Resources for Teachers

Welcome to our resources for teachers! Here, we have included various materials designed to help you use the ECDA in your classroom. On the right you will find links to course syllabi, in-class activities, and assignments. We will update our classroom materials as we continue to collaborate with instructors, so please check back regularly for new teaching resources. If you would like to contribute your own teaching materials, please follow the “contribute” link below.

Syllabi

Early African American Literature

Nicole N. Aljoe, ECDA Co-Director and Associate Professor of English and African American Studies at Northeastern University, contributed her syllabus on early African American literature. Focusing on 18th and 19th century writers from the African Diaspora, the course "investigate[s] the ways in which these early Black writers engaged with a range of issues such as the nature of the individual subject; human rights; gender and class; the rapid expansion of print culture; the development of the novel and other genres; notions of Africa; and of course notions of freedom and enslavement."

Feminist Literature and Colonial Science

Liz Polcha, ECDA Project Manager and PhD candidate at Northeastern University, contributed her syllabus on Feminist Literature and Colonial Science. The course, which focuses on gender and sexuality in Caribbean studies, sits at "the intersection of ecofeminism, postcolonial feminism, and critical race studies [and] the readings for this course challenge Eurocentric and colonial notions of scientific history, namely in herbalism, medicine, and reproductive health."

Assignments

Build an Exhibit

This assignment includes a step-by-step guide for creating exhibits with the ECDA beginning with choosing an exhibit theme, selecting items for the exhibit, creating exhibit subsections, and populating the exhibit template. Students are encouraged to think of their exhibits as “curated collections” that both advance a story and are visually appealing. Included are instructions about how to use WordPress to create exhibits. After creating their exhibits, students then write a reflective essay about their work on the exhibit.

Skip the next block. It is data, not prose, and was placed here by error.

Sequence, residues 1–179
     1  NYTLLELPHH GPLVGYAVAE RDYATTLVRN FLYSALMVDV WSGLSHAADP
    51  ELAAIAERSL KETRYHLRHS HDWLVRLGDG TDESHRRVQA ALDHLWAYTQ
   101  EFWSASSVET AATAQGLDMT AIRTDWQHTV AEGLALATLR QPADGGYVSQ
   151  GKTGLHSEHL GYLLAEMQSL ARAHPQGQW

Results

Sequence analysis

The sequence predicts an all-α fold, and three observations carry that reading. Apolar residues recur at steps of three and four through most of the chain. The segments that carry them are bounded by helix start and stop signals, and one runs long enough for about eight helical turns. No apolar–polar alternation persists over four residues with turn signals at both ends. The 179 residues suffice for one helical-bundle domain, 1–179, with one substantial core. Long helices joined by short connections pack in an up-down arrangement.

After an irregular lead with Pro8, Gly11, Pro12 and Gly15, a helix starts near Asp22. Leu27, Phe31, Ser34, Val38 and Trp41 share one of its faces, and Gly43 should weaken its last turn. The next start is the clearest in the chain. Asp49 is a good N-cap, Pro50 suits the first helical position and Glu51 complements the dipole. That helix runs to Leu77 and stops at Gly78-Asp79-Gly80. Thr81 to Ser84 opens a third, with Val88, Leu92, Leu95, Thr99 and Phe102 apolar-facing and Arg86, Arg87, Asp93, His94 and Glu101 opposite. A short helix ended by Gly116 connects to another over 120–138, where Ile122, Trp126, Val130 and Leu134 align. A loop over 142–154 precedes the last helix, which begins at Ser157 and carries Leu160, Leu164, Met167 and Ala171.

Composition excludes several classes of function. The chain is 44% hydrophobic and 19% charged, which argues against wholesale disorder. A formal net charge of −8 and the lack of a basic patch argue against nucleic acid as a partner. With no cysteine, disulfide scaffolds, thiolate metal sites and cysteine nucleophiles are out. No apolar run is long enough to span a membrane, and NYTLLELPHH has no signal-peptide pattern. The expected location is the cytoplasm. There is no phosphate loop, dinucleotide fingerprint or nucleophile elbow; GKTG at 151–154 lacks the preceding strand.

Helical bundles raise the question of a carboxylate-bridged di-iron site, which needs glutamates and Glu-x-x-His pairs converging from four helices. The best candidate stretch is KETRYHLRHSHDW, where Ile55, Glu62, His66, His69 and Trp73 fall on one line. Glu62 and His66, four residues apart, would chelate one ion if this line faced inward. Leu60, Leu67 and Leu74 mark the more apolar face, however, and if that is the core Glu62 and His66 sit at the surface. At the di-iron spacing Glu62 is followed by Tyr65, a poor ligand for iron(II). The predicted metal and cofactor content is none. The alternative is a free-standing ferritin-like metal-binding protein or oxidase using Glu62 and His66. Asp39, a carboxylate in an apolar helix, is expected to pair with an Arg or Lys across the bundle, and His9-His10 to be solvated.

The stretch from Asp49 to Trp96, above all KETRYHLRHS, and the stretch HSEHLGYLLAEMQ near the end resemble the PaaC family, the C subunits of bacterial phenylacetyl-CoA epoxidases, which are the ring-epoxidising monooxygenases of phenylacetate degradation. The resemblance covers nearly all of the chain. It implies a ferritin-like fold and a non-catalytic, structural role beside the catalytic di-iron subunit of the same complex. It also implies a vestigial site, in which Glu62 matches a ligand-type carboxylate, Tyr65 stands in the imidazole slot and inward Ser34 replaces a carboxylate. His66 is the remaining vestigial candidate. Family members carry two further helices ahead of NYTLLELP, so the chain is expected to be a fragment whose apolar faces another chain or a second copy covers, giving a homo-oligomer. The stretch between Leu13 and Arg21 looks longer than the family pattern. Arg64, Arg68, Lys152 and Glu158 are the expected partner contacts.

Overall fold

Scholarly Introduction

This assignment allows students to provide scholarly introductions for the archival items in the ECDA. Students situate the archival item for readers by discussing the history of the text’s production and reception, providing an overview of critical scholarship related to the item, and suggesting avenues for further research. Scholarly introductions are concise and brief, usually 300-500 words. The assignment also asks students to complete a separate essay in which they reflect on their research process and analyze their findings. Also included are suggested research tools to assist students in gathering information about their texts.

TEI as Close Reading

This assignment was developed by Elizabeth Hopwood, a former project manager of the ECDA who earned her PhD from Northeastern in 2016. Using XML (extensible markup language) and TEI (text encoding initiative), students markup portions of early Caribbean texts. Students highlight formal elements, such as paragraphs and word emphasis, and content such as person and place names. In doing so, students are asked to think about how best to describe the text as well as what the markup process might reveal about the text that simply reading would not. Students also complete a reflective essay at the end of the assignment. Familiarity with TEI is necessary for the assignment and technical workshops are encouraged to familiarize students before beginning the project.

Embedded Slave Narratives

This assignment introduces students to the concept of an embedded slave narrative and ultimately asks them to locate and analyze an embedded slave narrative that is not already in the ECDA's archive. Students begin the assignment by reading and discussing a dis-embedded slave narrative, "The Narrative of Rose," and considering questions of voice and knowledge. Students then locate an embedded slave narrative on their own, dis-embed the narrative from the surrounding text, and think about how reframing slave narratives can change scholarly practices and questions.